at a particular time t, where n where K
where n In a second stage, a first frequency-shifted carrier signal
is formed, where n where N
where n In a third stage, a second frequency-shifted total signal
is formed, where n As an example, a LEO communication satellite may transmit at a symbol rate of 25 Hz, and a sampling rate of f In one approach, 60 samples (N The maximum frequency estimation range for the second stage is f FIG. 2 illustrates suitable first stage downconverter apparatus The quadrature signal s The sum produced by the first sum module The sum produced by the second sum module The summed outputs of the third and fourth sum modules,
and a first converted quadrature carrier signal,
defined as in Eq. (4), are issued by the converter module In FIG. 3, the first converted carrier signals, s
and a second converted quadrature carrier signal
The second converted in-phase and quadrature signals are received at input terminals of a DFPLL system FIG. 4 illustrates suitable first stage downconverter apparatus The quadrature signal s The sum produced by the first sum module The sum produced by the second sum module The sum produced by the first sum module In FIG. 5, the first converted carrier signals, s Any of the following four combinations of first stage and second stage can be used with the invention: FIG. 6 illustrates a DFPLL third stage The output of the first sum module The output of the first sum module The output of the intermediate loop In broad outline, the input signals s The embodiment of the invention discussed in the preceding includes an LP first stage and an LP second stage, which correct the Doppler-shifted frequency, and a DFPLL third stage, which corrects one or both of Doppler-shifted frequency and phase for the received signal. FIG. 7 graphically illustrates some results of the numerical example discussed in the preceding. A signal preamble, which includes the carrier signal but not the message, includes 64 symbols and is followed by a unique word (UW) including another 12 symbols. A 384-symbol payload section follows the preamble and UW sections of the time slot, as shown. The first LP stage uses 10 preferably consecutive symbols and a delay time of K The second LP stage, uses 30 preferably consecutive symbols from the preamble section, optionally beginning immediately following the last of the 10 symbols used for the first stage, with a delay time K The DFPLL third stage preferably uses a loop bandwidth (BW) of 750 Hz, which is switched to 250 Hz after capture and lock occurs, and part or all of the remainder of the preamble section (up to 24 symbols) and part or all of the UW symbols and payload symbols are used to determine the residual f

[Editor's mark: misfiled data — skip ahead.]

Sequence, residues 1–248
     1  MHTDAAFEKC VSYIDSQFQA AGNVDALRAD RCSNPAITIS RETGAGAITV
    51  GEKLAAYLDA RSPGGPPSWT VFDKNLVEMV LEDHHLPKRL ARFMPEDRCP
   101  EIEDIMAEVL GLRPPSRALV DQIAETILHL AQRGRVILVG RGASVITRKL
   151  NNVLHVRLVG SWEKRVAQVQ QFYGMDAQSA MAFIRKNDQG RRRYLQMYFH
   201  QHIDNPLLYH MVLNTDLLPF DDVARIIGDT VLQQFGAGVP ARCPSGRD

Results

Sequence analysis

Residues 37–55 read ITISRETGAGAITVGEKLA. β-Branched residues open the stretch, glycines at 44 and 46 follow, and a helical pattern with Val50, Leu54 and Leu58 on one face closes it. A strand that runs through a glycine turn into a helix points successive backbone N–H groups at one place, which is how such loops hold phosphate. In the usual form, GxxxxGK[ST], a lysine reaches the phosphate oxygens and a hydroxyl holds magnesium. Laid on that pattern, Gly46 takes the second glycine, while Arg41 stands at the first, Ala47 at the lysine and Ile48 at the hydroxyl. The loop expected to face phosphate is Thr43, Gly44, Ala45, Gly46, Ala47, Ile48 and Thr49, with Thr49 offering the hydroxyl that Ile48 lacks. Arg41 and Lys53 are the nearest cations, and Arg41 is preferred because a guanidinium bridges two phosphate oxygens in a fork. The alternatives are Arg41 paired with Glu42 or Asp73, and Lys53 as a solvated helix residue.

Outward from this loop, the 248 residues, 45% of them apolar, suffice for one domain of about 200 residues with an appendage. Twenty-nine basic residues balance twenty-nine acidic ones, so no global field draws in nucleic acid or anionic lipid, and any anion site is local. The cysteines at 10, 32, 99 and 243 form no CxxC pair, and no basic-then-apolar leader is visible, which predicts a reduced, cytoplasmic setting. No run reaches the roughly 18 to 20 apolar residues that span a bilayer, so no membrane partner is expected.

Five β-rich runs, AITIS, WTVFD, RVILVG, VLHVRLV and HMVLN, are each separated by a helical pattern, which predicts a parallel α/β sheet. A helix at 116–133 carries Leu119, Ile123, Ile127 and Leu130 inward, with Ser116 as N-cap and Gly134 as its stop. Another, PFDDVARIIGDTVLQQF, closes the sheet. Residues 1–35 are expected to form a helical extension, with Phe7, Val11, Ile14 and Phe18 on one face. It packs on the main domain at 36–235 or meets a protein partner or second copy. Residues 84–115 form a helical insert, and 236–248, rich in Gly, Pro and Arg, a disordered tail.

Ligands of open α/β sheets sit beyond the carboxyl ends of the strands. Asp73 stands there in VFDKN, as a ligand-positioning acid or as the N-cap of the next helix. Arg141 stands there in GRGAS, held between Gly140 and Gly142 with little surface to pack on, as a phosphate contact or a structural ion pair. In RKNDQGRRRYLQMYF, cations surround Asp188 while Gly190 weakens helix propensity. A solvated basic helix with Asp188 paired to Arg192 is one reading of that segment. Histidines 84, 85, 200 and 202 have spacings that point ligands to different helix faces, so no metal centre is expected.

where f This estimation of the total Doppler frequency offset is estimated to be accurate to within 10 Hz of the “true” Doppler frequency offset. FIG. 8 graphically illustrates the Doppler frequency offset estimation error (*) and associated standard deviation (o), obtained by simulation, versus the E The disclosed invention has relatively low complexity, allowing application of much less computing power than is required for a standard FFT approach. The invention is relatively fast and works with arbitrarily large Doppler offset, f FIG. 9 shows a block diagram of a general computer system The computer system The functionality of the invention is provided by the computer system The term “computer-readable medium”, as used herein, refers to any medium that participates in providing instructions to the processor Common forms of computer-readable media include, for example, a floppy disk, a flexible disk, a hard disk, magnetic tape or any other magnetic medium, a CD-ROM, any other optical medium, punchcards, papertape, any other physical medium with patterns of holes or apertures, a RAM, a ROM, a PROM, an EPROM, a Flash-EPROM, any other memory chip or cartridge, a carrier wave as described hereinafter, or any other medium from which a computer can be read. Various forms of computer-readable media may be involved in carrying out one or more sequences of one or more instructions to the processor The computer system The network link Patent Citations